Date: Thu, 22 May 97 11:01:35 CDT
From: Workers World <>
Organization: WW Publishers
Subject: General Strike in Haiti
Article: 11398

General strike in Haiti

By John Catalinotto, Workers World, 29 May 1997

A general strike closed factories, shops and schools May 19 in Port-au-Prince, Haiti. The people demanded a halt to the government's plan to privatize state-run industries.

The strike followed two days of demonstrations and open rebellion the week before.

According to Haitian Press Agency dispatches, a teachers' strike that began in early May—demanding back pay and a salary increase—opened the resistance. Teachers haven't been paid in months, and there are no funds in the government budget for them.

Public-school students began demon strating in solidarity with their teachers. They took over a downtown school May 15 and threw rocks at private-school windows and passing cars.

When police moved in against them, neighborhood people joined the students. The rebellion spread to other parts of the city.

As one injured police officer put it, People are just exploding.

While the action appeared spontaneous, its targets tended to be symbols of the state and foreign powers, and the property of the rich. Participants smashed car windshields and set the courthouse, vehicles and tires on fire.

Windows were broken at a Teleco branch office. The state- run telephone company is slated for privatization. Eight hundred layoffs were announced earlier in May.

Canadian Ambassador Christopher Poole said those taking part in the rebellion had thrown rocks at Canadian troops, who are part of an international occupation force. Other embassies reported their employees were attacked while traveling through the city.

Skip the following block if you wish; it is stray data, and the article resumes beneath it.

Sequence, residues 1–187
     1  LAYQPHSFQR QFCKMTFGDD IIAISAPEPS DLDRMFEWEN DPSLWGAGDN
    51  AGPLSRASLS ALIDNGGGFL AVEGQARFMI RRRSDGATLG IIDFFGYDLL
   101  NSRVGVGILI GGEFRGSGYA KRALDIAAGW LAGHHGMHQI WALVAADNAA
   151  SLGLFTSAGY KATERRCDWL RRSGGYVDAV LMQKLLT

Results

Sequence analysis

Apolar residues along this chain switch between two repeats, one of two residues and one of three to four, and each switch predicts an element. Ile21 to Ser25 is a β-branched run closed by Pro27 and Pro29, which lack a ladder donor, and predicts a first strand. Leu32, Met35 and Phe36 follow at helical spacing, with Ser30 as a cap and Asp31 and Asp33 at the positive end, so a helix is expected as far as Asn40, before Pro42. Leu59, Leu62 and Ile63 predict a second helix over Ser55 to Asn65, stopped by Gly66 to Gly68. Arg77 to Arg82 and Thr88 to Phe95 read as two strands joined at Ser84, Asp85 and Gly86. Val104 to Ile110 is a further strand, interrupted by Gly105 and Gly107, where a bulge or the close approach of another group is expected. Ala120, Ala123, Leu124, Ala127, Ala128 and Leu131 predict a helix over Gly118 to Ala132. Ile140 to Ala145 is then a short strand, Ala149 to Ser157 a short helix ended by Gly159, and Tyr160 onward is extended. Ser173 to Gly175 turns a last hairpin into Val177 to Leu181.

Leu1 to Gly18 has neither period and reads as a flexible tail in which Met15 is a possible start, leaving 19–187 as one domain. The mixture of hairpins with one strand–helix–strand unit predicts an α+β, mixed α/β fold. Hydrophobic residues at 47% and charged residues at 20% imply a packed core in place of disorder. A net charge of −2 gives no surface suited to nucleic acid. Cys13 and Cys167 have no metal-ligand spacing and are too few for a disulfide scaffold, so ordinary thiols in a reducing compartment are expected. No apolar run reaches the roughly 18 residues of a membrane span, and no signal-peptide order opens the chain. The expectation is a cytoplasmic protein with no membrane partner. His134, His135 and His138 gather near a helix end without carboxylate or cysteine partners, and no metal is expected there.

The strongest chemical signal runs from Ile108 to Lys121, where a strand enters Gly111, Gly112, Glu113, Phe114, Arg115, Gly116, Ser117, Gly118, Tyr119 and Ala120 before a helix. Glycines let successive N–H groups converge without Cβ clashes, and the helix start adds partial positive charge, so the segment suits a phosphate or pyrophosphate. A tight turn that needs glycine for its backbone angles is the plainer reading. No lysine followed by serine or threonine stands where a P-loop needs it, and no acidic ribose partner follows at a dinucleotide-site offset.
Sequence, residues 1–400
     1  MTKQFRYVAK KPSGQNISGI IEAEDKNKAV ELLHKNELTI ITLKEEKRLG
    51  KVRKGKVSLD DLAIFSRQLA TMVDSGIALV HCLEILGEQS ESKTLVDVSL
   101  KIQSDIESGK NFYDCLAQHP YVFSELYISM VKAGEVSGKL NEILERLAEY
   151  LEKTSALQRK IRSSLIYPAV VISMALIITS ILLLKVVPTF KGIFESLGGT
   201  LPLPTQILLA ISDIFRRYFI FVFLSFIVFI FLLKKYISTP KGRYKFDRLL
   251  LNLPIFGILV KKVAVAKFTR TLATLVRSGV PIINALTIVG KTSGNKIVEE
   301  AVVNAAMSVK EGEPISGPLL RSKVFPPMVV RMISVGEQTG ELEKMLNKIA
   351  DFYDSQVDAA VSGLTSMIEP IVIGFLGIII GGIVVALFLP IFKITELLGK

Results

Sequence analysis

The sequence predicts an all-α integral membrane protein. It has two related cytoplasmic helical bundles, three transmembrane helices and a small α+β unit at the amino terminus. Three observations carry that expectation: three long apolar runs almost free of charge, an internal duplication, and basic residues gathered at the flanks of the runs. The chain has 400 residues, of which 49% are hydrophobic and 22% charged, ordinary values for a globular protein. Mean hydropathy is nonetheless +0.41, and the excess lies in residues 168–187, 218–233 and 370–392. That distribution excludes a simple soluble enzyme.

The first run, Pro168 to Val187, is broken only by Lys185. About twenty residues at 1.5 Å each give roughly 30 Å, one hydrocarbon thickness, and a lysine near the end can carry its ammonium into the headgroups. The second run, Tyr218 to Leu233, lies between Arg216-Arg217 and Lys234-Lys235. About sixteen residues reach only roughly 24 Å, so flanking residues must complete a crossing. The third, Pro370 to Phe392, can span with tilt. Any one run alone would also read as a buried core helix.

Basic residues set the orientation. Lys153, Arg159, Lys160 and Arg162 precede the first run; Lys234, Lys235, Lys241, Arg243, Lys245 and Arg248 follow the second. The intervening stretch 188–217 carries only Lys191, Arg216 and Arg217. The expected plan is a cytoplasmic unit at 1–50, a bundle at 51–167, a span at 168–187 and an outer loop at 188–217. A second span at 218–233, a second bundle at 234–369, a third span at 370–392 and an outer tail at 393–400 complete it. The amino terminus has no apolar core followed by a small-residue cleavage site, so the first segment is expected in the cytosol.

A Reuter report added that in the northern city of St. Marc, anti-privatization demonstrators who also opposed U.S. imperialism displayed Cuban flags.

On the other hand, in the southern city of Petit Goave, people flew the black and red flag used during the Duvalier dictatorships from 1956 to 1986.

Haitian progressives are concerned that spontaneous actions allow ultra-reactionary demagogic forces—such as the Macoute forces supporting ousted dictator Jean-Claude Duvalier—to intervene in the battles.


U.S. troops, although their official role now is humanitarian work, joined other United Nations troops to patrol the streets against the mass rebellion.

President Bill Clinton claimed the September 1994 U.S.-led intervention was meant to restore democracy. But U.S. troops consistently prevent Haitian workers and farmers from punishing those who committed crimes under the 1991-1994 military junta.

U.S. troops allowed pro-militarist and Macoute forces to regroup. These threaten both the mass organizations and the Haitian government, making the latter completely dependent on the occupation force.

In a radio statement May 18, President Rene Preval admitted that the state is working badly, and it is creating despair. But most of his talk threatened those who demonstrate against his programs and warned the population to stay on guard against anarchy.

Austerity imposed by the International Monetary Fund has already brought more Haitians to the starvation level. This is especially true in the northwest, where a drought has threatened the population with famine, according to a report in the May 14-20 issue of Haiti Progress newspaper.

There is no question an angry popular rebellion is justified. Will progressive, working-class forces be able to give it leadership?